A recent study by SurePayroll, a company that provides payment services, found that more than 70% of small firms didn’t offer a 401(k) plan to their employees. That comes at a time when American workers as a whole have more cash than ever in 401(k) plans—an average of $80,600 as of the second quarter of this year, according to Fidelity Investments.
Why the disconnect? “There are perceptions [the plans] are hard to administer, expensive to start,” says Andrew H. McIlhenny, co-founder of Firstrust Financial Resources, a financial advisory firm in Philadelphia. “Additionally, many small companies may not feel they or their employees would see much benefit due to a lack of interest in participating.”
Why offer a plan: The obvious reason is to attract and retain workers. Following salary and health coverage, retirement benefits are the third-most-important factor in driving employee loyalty in small businesses, according to a 2012 MetLife study.
Owners can participate in the plans as well, and they can be set up for companies that are essentially sole proprietorships. That can be important, considering that a business owner can put more money away in a 401(k)—up to $17,500 per year (and up to $23,000 for those 50 or older)—than in an IRA, which has a limit of $5,500 (or $6,500 for those 50 or older).
On top of that, small businesses can get a credit up to $500 per year for the first three years to offset the costs to establish and administer the plan.
What they cost: Every plan comes with fees, which employers often pass along to workers. Record-keeping expenses generally range from 0.25% to 1% of the money in the plan, while investment-management expenses will vary depending upon both the manager and the investment choices.
Add it up, and costs can easily reach 3%. In addition, any plan with more than 100 participants must undergo an annual audit, which can add to the cost.
There are also plans that charge a flat fee. For example, the Online 401(k) has plans for small businesses (up to 100 workers) that start at around $1,200 annually, plus a $4 monthly charge per employee.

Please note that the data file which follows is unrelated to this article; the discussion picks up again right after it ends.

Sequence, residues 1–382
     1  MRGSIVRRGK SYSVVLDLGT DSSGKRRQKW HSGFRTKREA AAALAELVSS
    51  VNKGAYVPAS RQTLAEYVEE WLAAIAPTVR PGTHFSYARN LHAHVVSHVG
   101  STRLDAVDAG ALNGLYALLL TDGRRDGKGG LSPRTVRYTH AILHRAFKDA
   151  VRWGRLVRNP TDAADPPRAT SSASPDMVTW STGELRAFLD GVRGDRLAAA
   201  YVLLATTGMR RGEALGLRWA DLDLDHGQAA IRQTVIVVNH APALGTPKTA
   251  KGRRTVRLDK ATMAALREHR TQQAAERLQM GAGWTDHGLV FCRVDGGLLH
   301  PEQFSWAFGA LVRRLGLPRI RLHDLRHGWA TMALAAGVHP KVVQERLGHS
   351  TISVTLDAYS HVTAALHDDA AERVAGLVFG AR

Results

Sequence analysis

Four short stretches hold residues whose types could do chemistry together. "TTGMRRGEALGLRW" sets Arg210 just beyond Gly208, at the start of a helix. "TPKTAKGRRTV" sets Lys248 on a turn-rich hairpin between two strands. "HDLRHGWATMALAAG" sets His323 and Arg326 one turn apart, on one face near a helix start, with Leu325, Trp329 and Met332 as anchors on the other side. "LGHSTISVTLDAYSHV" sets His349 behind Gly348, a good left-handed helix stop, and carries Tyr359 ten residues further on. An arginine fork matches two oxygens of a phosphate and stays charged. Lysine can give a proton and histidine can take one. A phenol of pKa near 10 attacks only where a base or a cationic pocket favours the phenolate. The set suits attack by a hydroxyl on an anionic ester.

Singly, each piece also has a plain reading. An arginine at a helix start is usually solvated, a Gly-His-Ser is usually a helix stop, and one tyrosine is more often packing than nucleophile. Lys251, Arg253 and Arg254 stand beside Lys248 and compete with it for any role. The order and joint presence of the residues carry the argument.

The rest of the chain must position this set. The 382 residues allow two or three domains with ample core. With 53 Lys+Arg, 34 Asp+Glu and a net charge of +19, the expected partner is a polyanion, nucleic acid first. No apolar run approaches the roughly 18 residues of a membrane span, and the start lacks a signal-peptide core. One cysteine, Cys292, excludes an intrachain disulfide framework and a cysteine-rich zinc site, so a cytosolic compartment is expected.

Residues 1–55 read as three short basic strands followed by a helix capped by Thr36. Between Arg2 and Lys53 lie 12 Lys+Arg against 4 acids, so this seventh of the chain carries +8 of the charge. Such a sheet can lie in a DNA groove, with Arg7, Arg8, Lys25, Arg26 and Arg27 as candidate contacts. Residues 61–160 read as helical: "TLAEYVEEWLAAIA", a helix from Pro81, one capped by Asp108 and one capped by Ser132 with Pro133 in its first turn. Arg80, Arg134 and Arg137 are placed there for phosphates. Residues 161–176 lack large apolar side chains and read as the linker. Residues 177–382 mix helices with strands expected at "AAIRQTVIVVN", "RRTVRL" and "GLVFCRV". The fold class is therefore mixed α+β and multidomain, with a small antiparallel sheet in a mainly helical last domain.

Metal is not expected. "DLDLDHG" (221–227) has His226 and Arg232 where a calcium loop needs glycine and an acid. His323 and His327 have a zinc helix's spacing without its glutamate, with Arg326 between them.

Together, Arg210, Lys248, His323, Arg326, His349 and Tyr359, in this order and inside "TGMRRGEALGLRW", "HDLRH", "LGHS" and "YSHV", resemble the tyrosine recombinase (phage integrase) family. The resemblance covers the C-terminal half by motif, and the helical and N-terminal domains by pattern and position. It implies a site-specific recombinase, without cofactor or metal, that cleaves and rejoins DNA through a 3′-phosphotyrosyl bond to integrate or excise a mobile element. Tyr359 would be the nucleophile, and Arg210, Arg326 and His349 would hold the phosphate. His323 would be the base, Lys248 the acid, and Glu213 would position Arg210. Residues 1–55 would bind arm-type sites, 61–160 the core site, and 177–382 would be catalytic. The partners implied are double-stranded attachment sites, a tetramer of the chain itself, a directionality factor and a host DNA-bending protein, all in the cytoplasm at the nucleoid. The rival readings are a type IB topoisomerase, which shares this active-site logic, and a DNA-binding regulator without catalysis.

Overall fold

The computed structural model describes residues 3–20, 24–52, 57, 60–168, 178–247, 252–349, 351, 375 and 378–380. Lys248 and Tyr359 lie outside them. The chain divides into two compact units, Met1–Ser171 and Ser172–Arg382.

One potential drawback to these types of arrangements: They may not be attractive to new participants. Since everyone in the plan is paying the same amount in fees, it can mean that an employee who’s just starting out in the 401(k) is shelling out just as much as somebody with years’ worth of accumulated assets.
What help they offer: Service is another important consideration, since many small firms may need help introducing the 401(k) plan to employees and providing ongoing investment advice. In such instances, the small-scale financial professional may be a better option than the giant fund company, says Brooks Herman, head of research at BrightScope, which rates 401(k) plans. That’s because the large firms are probably “not coming by the office” to speak to workers, he says. “It’s more like, ‘Here’s a number to call a phone bank.’ “
What structure works best: It’s tempting to offer a robust plan with a large number of investment choices. But it’s also critical not to go overboard.
“If you give them too many choices, they may not make the right choices,” says Neil Smith, executive vice president of Ascensus, a retirement-plan provider.
Many financial professionals suggest capping the selections to no more than about a dozen funds, covering the major investment categories. Just as important, say the pros, is to offer a balanced or target-date fund—one that invests in both stocks and bonds—for employees who would rather not determine the investment mix themselves.